Siegel moved on in the 1940’s, spending much of his time building the Flamingo Hotel and Casino in Las Vegas. As depicted in the movie “Bugsy,” he died in hail of gunfire in his Beverly Hills living room in 1947. (The hit was ordered by Lucky Luciano, whom Siegel fleeced to build the Flamingo.) Meanwhile, Castillo del Lago changed hands several times, going through at least one other period of vacancy in the 1950’s.
In their 1994 book Hollywood Haunted (Angel City Press), Laurie Jacobson and Marc Wanamaker describe Castillo del Lago as a place of considerable paranormal activity whose visitors often” [felt] a deep sense of foreboding.” Tom Murray, a fashion photographer who shot there for three days in 1988, reported equipment malfunctions and a pervasive feeling of dread among his crew. “All the Polaroids I shot in the house came out black,” he said. “I tried different cameras, different film, everything. It was always the same. Everything I tried to photograph inside that house came out black.”
When Madonna bought the place in the 1993, she undertook a renovation that cost $3 million and transformed the house from Spanish Colonial to Italianate. (The renovation still irks her neighbors, who claimed she “ruined” the house by painting the wall and replacing the original tiles with cheaper ones.) Perhaps because of the extensive renovation, the mood of the house lifted somewhat, though strange things still happened. According to Jacobson and Wanamaker, “Madonna confided to a friend that on occasion she felt a force throughout the house, a force that was not safe.” Her caretaker reported that doors closed and locked behind him whenever he stepped outside it. And when he was alone there at night, he could hear a man calling his name.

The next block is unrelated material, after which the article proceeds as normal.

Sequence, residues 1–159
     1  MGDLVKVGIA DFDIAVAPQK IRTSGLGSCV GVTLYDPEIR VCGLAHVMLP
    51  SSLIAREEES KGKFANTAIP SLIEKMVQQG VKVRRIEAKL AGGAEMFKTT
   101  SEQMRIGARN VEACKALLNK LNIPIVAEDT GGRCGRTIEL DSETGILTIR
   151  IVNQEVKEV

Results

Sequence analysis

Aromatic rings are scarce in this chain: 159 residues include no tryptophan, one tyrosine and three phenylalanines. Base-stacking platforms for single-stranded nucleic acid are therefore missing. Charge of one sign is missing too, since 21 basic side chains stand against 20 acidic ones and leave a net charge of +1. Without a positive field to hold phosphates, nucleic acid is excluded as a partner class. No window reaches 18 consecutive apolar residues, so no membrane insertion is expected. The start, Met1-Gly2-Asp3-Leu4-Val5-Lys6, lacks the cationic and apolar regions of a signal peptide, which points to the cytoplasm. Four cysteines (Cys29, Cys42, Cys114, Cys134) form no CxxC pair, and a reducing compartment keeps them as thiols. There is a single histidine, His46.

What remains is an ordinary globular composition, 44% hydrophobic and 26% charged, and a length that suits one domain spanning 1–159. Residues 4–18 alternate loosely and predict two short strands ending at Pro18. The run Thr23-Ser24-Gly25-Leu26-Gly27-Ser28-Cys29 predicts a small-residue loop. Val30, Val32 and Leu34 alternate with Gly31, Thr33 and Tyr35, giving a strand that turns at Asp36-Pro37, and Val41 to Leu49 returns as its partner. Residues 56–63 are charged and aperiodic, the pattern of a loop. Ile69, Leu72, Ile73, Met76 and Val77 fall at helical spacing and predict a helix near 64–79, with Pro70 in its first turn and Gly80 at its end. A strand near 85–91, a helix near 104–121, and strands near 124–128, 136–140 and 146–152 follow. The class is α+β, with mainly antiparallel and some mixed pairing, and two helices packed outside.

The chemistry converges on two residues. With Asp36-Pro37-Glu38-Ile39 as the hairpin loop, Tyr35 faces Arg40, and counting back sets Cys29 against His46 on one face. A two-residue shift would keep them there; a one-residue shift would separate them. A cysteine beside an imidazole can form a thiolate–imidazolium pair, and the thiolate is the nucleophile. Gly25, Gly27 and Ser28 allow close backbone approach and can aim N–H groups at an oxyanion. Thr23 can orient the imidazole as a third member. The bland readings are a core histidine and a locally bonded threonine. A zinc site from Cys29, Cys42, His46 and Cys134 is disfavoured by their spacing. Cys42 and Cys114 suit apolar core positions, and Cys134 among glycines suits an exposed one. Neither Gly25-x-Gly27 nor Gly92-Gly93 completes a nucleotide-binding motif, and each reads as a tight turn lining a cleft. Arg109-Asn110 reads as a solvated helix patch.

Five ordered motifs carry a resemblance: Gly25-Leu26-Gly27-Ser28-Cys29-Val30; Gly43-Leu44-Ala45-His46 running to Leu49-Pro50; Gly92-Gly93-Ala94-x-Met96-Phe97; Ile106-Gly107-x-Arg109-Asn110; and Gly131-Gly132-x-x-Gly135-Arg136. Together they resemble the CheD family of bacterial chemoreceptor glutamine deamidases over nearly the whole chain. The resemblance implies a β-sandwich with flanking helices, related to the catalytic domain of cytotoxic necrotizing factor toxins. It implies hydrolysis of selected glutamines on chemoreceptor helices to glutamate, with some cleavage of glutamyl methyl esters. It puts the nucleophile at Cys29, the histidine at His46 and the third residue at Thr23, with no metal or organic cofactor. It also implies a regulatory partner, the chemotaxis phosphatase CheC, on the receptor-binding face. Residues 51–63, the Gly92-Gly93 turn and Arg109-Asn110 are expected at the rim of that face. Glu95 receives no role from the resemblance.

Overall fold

In 1997, Madonna sold Castillo del Lago at a huge loss to Joe Pytka, the commercial director and restaurant owner (of Bastide, now defunct), who presumably gave any lingering ghosts the boot. (Disclosure: I was socially acquainted with Pytka in the early 1990’s, well before he bought the house.) Pytka, who bought the house for $5.3 million, listed it last year for $14.95 million after an extensive renovation of his own. (In addition to creating a new kitchen and master suite, he upgraded Madonna’s tilework.) Recently the price has been dropped to a relatively reasonable $9.99 million, so now’s the time to contact the agent (Benjamin Bacal/Keller Williams Realty Sunset) and make an offer.